This work is about becoming collectively more conscious and intentional, and consciously and intentionally more collective.
Sustainably effective teams and groups possess four key attributes:
- Relatedness - safety and ok-ness, connection, good dialogue, belonging and community.
- Clarity - of purpose, direction, priorities, roles and accountabilities.
- Spaciousness - to think and listen, to breath and sense, for dialogue and generative conversation, to be with what is, to navigate within complexity.
- Courage - of commitment and accountability, the ‘secret sauce’ of intentionality and practice, to step outside of places and patterns that no longer serve.
Working with teams and groups is about you seeing and working on yourselves, through what matters most right now, developing these (and other) attributes - bringing the work into the development and the development into the work.
I have a preference for dialogic over diagnostic discovery, each team and context is unique, so measuring one against a semi-arbitrary scale of others is of limited value.
Bringing thinking and being to the fore in addition to doing is critical. Our world and our upbringing, our measures, tend to be so much about doing, yet growth and development, working with today’s challenges, these really require us to build our muscles of thinking and being.
To many this 'softness' doesn't look like it will get anywhere, yet if we're talking about complex situations with thorny and engrained problems, then slowing down and sensing really does help to move ahead better compared to rushing and fixing. This way promotes relatedness and creates the conditions where people can discover the ideas and courage for what lies ahead. The best way to start is not with information but with questions.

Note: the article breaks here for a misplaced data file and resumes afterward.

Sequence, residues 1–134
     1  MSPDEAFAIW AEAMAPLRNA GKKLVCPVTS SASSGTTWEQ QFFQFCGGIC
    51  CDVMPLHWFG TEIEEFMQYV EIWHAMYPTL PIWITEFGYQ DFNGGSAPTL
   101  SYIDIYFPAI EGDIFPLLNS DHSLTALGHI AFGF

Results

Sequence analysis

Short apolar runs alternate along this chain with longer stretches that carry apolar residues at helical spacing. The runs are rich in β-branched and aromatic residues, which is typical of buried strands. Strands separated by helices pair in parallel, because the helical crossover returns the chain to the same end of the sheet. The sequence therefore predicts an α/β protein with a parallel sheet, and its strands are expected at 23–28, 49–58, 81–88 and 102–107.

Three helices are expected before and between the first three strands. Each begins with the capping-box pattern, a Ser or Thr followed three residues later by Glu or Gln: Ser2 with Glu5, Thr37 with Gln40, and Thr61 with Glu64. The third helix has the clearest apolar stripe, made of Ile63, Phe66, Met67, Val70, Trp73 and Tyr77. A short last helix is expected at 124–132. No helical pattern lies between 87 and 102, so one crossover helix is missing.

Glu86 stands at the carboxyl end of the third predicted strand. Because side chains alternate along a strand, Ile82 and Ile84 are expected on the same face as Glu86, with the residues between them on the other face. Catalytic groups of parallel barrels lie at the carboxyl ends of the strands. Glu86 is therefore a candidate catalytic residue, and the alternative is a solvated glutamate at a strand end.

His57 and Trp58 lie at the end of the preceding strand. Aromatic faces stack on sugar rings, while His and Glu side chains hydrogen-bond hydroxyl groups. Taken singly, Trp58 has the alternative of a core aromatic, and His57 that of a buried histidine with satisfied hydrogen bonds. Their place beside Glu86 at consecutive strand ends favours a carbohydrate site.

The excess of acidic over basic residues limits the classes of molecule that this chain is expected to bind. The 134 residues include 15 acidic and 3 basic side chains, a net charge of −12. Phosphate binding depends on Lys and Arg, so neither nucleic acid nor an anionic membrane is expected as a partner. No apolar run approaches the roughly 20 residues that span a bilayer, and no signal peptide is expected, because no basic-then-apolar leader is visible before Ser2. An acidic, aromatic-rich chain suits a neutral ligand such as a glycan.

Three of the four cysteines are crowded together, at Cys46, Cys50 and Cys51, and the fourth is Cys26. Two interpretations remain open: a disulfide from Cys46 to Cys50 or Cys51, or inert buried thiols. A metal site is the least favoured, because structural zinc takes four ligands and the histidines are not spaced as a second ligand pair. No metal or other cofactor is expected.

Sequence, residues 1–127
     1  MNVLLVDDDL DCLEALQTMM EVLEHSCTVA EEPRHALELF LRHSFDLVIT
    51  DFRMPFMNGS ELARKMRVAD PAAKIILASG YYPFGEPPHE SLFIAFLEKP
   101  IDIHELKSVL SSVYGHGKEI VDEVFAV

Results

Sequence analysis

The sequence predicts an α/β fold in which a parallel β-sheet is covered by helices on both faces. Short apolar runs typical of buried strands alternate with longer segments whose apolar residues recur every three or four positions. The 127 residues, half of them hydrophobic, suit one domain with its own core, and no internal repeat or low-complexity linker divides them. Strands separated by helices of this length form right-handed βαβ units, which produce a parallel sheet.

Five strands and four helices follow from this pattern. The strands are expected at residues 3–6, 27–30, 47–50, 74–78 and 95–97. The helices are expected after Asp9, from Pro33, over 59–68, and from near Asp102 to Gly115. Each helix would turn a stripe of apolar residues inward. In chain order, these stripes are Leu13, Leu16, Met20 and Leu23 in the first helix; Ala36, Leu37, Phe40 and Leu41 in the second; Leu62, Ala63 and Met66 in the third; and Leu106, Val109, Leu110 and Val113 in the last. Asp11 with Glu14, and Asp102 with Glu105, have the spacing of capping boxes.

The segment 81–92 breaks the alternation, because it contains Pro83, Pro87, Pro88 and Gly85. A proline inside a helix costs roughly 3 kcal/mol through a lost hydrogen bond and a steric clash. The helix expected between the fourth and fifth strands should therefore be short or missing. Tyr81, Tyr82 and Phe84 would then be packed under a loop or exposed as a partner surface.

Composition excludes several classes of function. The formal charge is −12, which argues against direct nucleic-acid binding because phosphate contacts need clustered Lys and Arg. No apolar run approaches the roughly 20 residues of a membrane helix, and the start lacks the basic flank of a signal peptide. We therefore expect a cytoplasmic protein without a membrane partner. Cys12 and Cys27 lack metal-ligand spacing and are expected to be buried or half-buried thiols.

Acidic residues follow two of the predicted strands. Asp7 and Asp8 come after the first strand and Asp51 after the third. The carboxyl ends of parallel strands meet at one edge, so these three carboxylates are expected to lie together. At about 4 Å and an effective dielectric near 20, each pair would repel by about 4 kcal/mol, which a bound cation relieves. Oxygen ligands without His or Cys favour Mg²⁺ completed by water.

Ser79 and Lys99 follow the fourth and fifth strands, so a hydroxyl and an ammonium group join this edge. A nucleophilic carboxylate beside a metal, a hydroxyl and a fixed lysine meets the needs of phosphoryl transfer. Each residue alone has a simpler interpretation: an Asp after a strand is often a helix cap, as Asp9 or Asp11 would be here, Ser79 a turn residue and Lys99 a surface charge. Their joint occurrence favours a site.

Some questions that I find useful to prime thinking and for early discovery:
- What is there from the past that needs to be spoken or given a place before you can move forward?
- What's up with the present that’s no longer appropriate for the future that you see ahead?
- What do you want to create together?
- What is your part or contribution to the problem or situation you see before you?
- What do you imagine there needs to be more or less of to improve effectiveness (individually, from the team or group, from the leader, by the leader)?
- For what you want to create, what degree of interdependence will be required and how does this compare with the extent of collaboration being experienced?
Places to start to improve effectiveness?
- Why does this team/group exist and what for?
- Who do we serve?
- How will we be successful?
- What are we excluding, saying no to or refusing?
- How do we behave?
- Who does what?
- What’s most important right now?
- How will we know that we are being successful?
- Wanting to refresh or repurpose, to reconnect with why and what matters.
- A desire or imperative to scale leadership and overall organisational capacity.
- Sensing that getting better at the 'soft stuff' will result in better delivery of the 'hard stuff'.
- A need to build greater organisational and stakeholder understanding, engagement and contribution.
- Being at a strategic inflection point of choice, opportunity or challenge.
- Addressing dysfunction and inability to have productive courageous conversations.
- Navigating complexity; moving from predict-and-plan to sense-and-respond.
- Building systemic intelligence and promoting systemic health.
- Leading and working in near constant change and unpredictability.
- Understanding and working with transformation.
For example Collaborative teams tend to have a single purpose and outcome, and there is a need for high mutual interdependency for effectiveness and success. Whereas Co-operative groups tend to have a commonality of purpose or interest, but there are as many different outcomes of success as there are members, and the need for interdependency may be more fluid. Getting clear about what form you are matters, knowing that it’s a fit for what lies ahead matters more.